Awards panel gives credibility to company honors
By Dan Carrison
It’s that time of the year again, when annual performance awards are given to employees who have been singled out by management for exceptional achievements. Typically, these awards are presented in front of the staff with some fanfare. But an undercurrent of dissatisfaction may exist among some in the audience who think that upper management is in no position to recognize or evaluate the true contributions of the rank and file.
One sure way to avoid a cynical response from the workforce is to create an awards board of former recipients from various departments. Board members would make the annual selections. Their credibility will bestow legitimacy on each award. These previously honored company veterans know the score; they have “been there and done that.” They are in a much better position to evaluate high performance – and, further, to ferret out the true backstory of a significant achievement.
For example, a major customer order may have had much less to do with the salesperson who takes credit for it and much more to do with the patient dedication of the customer service representative who gave the customer the confidence to make the buying decision – or the IT technician who tweaked the product to meet the customer’s unusual specifications. Senior management, not being in the loop, is unlikely to notice such behind-the-scenes heroics. They are apt to focus on sales numbers because they are the easiest metric to measure.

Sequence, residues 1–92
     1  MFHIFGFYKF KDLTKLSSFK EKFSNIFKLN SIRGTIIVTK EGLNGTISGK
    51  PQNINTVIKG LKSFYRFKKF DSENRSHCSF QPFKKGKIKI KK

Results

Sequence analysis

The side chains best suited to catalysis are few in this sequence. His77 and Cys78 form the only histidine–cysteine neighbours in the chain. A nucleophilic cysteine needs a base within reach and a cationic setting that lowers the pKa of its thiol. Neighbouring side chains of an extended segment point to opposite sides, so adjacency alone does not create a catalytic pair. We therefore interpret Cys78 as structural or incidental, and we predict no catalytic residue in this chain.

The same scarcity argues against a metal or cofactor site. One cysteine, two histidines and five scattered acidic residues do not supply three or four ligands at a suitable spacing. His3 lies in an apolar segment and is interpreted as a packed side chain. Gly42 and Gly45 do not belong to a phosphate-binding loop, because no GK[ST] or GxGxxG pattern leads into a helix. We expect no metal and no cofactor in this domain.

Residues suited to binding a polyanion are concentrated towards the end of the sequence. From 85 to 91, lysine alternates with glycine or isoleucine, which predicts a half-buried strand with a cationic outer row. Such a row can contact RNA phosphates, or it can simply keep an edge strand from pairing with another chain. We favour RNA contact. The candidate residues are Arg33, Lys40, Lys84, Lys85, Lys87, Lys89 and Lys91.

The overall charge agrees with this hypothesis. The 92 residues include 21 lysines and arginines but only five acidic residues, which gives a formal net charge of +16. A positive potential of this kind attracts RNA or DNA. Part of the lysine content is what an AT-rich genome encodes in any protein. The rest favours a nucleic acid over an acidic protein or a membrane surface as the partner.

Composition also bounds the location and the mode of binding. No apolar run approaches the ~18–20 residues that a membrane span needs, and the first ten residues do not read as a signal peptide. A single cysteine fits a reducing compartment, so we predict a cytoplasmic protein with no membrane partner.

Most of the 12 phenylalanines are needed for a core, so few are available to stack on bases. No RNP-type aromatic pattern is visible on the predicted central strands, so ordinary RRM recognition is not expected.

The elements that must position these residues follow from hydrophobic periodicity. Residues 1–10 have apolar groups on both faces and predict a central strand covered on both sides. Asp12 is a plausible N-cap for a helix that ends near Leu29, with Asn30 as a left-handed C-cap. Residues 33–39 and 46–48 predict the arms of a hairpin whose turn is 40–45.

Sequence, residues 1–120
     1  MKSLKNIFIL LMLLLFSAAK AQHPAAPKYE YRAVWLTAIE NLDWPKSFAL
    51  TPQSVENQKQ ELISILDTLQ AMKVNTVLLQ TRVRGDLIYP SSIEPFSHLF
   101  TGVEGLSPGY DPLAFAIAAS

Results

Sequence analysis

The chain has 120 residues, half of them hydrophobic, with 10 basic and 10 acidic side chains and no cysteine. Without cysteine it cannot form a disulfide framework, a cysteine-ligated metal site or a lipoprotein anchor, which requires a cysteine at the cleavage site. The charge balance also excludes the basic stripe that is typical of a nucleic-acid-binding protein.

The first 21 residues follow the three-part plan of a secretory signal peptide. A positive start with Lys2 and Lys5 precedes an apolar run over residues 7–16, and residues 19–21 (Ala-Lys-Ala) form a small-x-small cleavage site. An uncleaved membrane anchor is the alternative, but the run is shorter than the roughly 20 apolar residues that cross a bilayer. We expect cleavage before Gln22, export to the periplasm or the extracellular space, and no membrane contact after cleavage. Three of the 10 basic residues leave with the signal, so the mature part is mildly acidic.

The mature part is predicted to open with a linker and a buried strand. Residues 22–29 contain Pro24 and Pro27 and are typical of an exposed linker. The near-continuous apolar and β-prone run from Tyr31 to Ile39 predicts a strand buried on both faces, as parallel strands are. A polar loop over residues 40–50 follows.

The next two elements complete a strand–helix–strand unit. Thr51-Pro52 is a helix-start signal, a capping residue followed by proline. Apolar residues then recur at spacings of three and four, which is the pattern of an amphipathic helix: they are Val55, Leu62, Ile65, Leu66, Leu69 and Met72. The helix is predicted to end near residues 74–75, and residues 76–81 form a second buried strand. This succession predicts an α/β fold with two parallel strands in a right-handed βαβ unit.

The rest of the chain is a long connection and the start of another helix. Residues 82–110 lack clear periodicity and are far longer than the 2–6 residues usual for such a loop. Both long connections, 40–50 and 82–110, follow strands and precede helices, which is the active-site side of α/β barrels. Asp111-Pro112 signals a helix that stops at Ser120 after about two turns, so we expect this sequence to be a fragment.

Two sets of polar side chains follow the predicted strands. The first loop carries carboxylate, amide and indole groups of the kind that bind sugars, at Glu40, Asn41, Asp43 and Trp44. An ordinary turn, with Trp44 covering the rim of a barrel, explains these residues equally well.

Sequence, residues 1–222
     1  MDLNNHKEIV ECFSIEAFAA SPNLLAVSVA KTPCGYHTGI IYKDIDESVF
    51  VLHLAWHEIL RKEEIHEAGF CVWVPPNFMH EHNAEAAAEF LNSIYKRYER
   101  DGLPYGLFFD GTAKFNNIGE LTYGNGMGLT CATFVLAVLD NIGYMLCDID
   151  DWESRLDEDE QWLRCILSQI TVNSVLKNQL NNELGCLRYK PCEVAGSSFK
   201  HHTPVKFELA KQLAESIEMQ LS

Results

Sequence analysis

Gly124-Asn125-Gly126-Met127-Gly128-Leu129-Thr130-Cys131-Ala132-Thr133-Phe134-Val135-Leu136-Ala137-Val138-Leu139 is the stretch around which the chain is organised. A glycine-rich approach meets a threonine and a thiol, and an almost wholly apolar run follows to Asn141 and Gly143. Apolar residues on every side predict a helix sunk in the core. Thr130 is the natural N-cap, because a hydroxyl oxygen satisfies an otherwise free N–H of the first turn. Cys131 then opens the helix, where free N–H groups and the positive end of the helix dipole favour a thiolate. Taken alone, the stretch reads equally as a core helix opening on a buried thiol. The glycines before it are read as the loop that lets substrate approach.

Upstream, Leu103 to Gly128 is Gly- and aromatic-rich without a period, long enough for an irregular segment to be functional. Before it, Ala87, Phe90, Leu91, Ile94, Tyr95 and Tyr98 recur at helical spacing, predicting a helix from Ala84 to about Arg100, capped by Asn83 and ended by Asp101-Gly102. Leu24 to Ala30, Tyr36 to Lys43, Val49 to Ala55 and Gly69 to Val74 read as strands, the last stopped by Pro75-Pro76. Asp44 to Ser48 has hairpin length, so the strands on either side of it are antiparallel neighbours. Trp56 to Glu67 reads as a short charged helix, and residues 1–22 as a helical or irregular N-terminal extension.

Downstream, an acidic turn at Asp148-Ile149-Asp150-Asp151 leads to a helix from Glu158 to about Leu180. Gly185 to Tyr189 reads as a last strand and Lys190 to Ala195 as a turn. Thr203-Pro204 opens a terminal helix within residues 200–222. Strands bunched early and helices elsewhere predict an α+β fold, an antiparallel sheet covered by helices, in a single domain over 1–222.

But an awards board of former recipients will know from their intimate knowledge of the company’s operations the degree to which certain individuals contributed to that blockbuster order.
Consider the negatives an awards board of former recipients would eliminate. By keeping corporate out of it, there would be no suspicion of politicking or favoritism, no question of nepotism, and no impression of career-building awards given to employees targeted for promotion. The very fact that the annual awards have been determined by previous recipients ends speculation on the part of the rank and file, for who could be a sterner judge than those who have been honored?
By allowing its past top performers to identify those deserving the high performance awards in the present, senior management tacitly is acknowledging that it is not in the best position to make this call. But there is a temptation that upper management should avoid in its enthusiasm to spur performance: the creation of an even higher award.
Many companies have an equivalent of a president’s club or silver circle, which honors their top performers in sales, customer service, marketing, production, etc. But when a company, in a misguided attempt to push performance to even greater heights, creates yet another, loftier plateau of recognition – a new platinum circle, for example – it diminishes the honors previously bestowed.
Just imagine if the military “updated” the criteria for its prestigious Medal of Honor with another category for the really, really brave – or if Major League Baseball’s Hall of Fame opened a modern annex titled the Baseball Hall of Even Greater Fame. These moves would bring into question the achievements of the earlier recipients. Yet some companies blithely institute their own versions of these silly examples.
Annual achievement awards are supposed to motivate those who were not recognized for year-end performance by instilling in them a desire to sit at the roundtable. That will not happen if the rank and file deems the current recipients undeserving of their awards, and if the honors of the past are diminished by management’s arbitrary creation of a new, higher category of excellence.
Dan Carrison, a business writer and consultant, has authored or co-authored four management books: Semper Fi: Business Leadership the Marine Corps Way, Deadline! How Premier Organizations Win the Race against Time, Business Under Fire and From the Bureau to the Boardroom. Carrison is a general partner of Semper Fi Consulting and founder of www.ghostwritersinthesky.com. He also teaches corporate communication for the University of La Verne. He can be reached at email@example.com.